Last month we contracted eleven new agencies to increase their support to charities. This month we’re looking for another eleven. Next month we’ll be looking for up to 54 more. But even before this surge in demand, and even before Covid, the marketplace was already changing.
These changes are positive, but each one also brings a new challenge or increases the need to solve an existing one. We don’t have all the answers but we believe it’s good to share what our research found.
1. Supply of agencies is increasing
There is a growing community of digital agencies who are primarily driven by social causes.
Hurrah! These agencies inspire talented people motivated by social causes to work for them. These agencies are also good at building trust with charities. And, even though the sector is generally viewed as more complex and unpredictable than the commercial sector, these agencies are building expertise in delivering outcomes for charities.
There still aren’t enough digital agencies driven by social causes. That social drive is important. It massively increases the likelihood of a successful project. As does previous experience of the sector. As a result there aren’t enough agencies with proven results in their work with charities working in the sector. Yet.
“Charities want to work with agencies that are willing to take on challenges that are beyond website building. There are not many agencies who want that work. Most agencies are comfortable with doing commercial work as it’s easier” - Alice, digital lead at a charity
2. Demand from charities is increasing
The charity sector’s appetite for digital products and services is increasing. Charities are realising the value of digital to their beneficiaries. Agencies have expertise that can help deliver that value. As most charities can’t afford to recruit internal expertise, agencies make attractive partners.
The costs that charities can afford to pay often leave agencies in a financially precarious position. This vulnerability occurs because they still have to pay their staff the same rates whether the work is social or commercial. Also when projects are small or incremental it becomes harder to break even.
“Void periods (between client sign off and start) are very damaging and lose us money...The worst void period was six months and every three weeks they said it was going to start but the funding was just not appearing.” - Sam, agency director
3. Agencies are offering more choice to charities
Agencies are expanding their range of services to suit charity needs. They are adapting to what charities need and how they work. Sometimes they are even educating and creating digital capacity within charities in parallel to their design and build work.
Charities can become reliant on digital agencies. In some cases this has led to agencies overselling their services or charging retainer rates to manage the technology they have built when they could instead teach the charity to manage it themselves. This damages trust and comes at a financial cost to the charity.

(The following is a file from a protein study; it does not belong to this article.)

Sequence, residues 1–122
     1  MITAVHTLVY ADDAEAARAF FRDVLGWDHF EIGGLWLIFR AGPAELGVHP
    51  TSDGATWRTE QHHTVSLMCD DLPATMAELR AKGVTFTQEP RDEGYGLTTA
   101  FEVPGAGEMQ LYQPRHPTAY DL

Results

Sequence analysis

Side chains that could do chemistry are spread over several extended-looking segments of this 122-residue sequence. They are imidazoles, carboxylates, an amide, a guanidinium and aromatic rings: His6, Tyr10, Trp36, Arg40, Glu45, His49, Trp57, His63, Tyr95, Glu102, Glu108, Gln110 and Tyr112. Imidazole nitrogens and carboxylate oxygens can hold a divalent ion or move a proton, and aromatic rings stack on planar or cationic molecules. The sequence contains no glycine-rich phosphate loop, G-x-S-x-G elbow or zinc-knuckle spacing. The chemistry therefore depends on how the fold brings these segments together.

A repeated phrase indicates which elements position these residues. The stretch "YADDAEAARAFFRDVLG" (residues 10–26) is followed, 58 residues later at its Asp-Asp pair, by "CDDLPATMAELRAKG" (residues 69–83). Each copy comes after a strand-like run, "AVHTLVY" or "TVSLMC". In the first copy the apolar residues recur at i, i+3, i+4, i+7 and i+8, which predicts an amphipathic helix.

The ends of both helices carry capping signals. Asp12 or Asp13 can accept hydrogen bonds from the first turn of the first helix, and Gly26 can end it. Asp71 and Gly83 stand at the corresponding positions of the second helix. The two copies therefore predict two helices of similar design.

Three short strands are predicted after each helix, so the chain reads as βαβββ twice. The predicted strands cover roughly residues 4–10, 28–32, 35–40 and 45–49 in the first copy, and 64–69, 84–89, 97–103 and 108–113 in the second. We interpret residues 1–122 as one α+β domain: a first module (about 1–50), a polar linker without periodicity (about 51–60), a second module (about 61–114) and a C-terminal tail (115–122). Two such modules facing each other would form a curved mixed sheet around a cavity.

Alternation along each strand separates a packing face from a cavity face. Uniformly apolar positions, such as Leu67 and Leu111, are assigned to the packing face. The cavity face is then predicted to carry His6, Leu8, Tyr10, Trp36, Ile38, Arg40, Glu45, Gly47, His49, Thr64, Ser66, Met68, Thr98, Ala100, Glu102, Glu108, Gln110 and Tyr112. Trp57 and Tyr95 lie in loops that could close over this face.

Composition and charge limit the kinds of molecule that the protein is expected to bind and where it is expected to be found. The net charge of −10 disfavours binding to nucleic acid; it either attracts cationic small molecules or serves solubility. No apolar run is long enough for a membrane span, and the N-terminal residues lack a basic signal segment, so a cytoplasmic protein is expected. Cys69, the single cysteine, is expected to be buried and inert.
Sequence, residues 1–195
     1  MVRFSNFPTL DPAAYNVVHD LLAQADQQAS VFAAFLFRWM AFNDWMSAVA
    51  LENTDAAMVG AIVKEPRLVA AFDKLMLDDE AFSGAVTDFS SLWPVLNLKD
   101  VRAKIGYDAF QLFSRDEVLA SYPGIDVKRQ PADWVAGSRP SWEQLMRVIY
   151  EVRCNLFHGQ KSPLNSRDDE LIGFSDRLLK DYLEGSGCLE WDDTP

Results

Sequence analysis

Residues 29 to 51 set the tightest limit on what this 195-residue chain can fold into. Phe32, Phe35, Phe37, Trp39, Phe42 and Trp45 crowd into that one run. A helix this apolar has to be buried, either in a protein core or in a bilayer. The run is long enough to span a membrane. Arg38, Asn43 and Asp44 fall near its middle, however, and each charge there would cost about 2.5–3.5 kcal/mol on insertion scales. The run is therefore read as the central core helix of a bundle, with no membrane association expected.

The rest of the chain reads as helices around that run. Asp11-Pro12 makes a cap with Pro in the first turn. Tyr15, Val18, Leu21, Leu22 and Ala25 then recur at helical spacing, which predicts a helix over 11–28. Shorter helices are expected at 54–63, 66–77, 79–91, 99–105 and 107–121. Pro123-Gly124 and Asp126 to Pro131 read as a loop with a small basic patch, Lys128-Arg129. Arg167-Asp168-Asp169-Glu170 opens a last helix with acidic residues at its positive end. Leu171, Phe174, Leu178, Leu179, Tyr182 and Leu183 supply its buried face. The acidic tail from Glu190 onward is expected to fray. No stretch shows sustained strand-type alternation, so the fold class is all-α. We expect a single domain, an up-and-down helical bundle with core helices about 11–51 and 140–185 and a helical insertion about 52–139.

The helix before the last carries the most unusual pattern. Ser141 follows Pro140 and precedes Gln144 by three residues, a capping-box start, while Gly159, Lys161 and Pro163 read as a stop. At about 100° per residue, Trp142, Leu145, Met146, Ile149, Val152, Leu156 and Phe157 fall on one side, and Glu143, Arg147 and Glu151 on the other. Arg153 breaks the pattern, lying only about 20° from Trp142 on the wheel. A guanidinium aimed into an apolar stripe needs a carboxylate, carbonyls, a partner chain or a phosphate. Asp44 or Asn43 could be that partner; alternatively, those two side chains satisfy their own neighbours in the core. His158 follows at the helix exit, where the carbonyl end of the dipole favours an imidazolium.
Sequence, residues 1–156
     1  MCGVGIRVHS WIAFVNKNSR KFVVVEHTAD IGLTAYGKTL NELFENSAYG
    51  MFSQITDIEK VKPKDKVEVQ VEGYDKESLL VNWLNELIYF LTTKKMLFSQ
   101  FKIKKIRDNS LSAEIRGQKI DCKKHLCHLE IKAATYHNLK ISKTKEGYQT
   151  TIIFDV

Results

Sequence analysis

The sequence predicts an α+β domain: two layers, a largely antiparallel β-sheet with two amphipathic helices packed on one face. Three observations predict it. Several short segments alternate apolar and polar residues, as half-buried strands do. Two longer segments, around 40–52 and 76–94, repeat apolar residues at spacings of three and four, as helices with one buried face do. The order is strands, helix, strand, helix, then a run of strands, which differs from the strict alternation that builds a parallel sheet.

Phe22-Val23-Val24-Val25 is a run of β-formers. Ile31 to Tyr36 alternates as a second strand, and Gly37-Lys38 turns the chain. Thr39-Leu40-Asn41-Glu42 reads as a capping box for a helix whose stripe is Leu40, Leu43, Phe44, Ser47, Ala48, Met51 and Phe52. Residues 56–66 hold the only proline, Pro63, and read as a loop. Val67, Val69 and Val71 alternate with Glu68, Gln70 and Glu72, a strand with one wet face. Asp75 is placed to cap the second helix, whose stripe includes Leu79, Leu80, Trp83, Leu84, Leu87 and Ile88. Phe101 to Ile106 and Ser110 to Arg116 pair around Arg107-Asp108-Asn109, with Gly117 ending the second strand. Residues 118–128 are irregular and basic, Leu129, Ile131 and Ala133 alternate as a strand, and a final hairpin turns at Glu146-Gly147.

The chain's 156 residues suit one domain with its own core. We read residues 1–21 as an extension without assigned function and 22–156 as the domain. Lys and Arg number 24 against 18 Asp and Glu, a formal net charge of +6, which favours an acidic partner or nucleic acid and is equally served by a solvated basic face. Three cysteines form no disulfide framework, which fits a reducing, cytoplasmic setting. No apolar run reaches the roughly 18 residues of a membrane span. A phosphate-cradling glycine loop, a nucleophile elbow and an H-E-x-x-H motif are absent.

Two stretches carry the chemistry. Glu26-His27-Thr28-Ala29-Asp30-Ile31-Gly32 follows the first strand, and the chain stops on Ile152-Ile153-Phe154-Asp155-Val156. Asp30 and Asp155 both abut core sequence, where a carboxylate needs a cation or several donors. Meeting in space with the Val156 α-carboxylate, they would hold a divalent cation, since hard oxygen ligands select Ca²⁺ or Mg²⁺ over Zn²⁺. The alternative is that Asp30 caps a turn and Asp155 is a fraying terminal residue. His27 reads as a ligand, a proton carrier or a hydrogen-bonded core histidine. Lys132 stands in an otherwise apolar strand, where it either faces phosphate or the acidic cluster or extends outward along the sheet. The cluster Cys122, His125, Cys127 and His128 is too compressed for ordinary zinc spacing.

“It’s just about doing the best that we can. Spreading knowledge. Trying to be better as an agency. Better is more impact, is effectively more money in the bank, more volunteers, more benefit in their beneficiaries.” - Hamed, digital agency CEO
“You can see if you want a button to be in a different place but you can’t tell if the code behind it is any good or not. We don’t understand what agencies are doing for us.” - Jana, charity project manager
4. Agencies are adapting to charities’ needs
Agencies are adapting their business models to better suit charities’ needs. Some have adapted to account for charities’ variable funding patterns. Some are also willing to forgo profit either by doing pro-bono projects or subsidising via their commercial work.
Pressure on agencies to flex their rates can lead to a lower quality of work. Offering charity discounts is common and appeals to both parties. But it can lead to less time spent on user research, more use of junior staff and lower quality code. Agency employees may feel unhappy delivering poorer quality work, and charities become unhappy if problems occur further down the line.
“Agencies are often really nice and do charity discounts etc. but that puts pressure on the agency. If you shave costs you shave resources. Do they feel they are compromising on quality? They wanted to do right by the charity. And it’s not because charities are cynical and do it on purpose; it’s more because charities don’t know.” - Dan, charity CEO
5. Mixing together is stimulating growth
Charities are building their digital capacities as a result of working with agencies. When agencies and charities work in the open with each other good things happen. Staff gain knowledge and skills that increase their organisation’s digital capabilities. Communication and relationships improve further.
The agency-client relationship can create tension. When cultures clash, relationships and work quality suffer. For example: when agencies don’t give constructive criticism charities don’t learn how to work with them better; and when agencies aren’t transparent charities become disempowered and unable to make decisions.
“We achieved openness and honesty by the end, particularly when we initiated a lessons learnt workshop. However when we asked for critique they didn’t give it.” - Zara, charity digital manager
It’s all good
It really is. Supply and demand is growing and more agencies are joining the Catalyst network. If you’d like to join look at our current opportunities.
Or if you are already involved read our other agency focused blogs:
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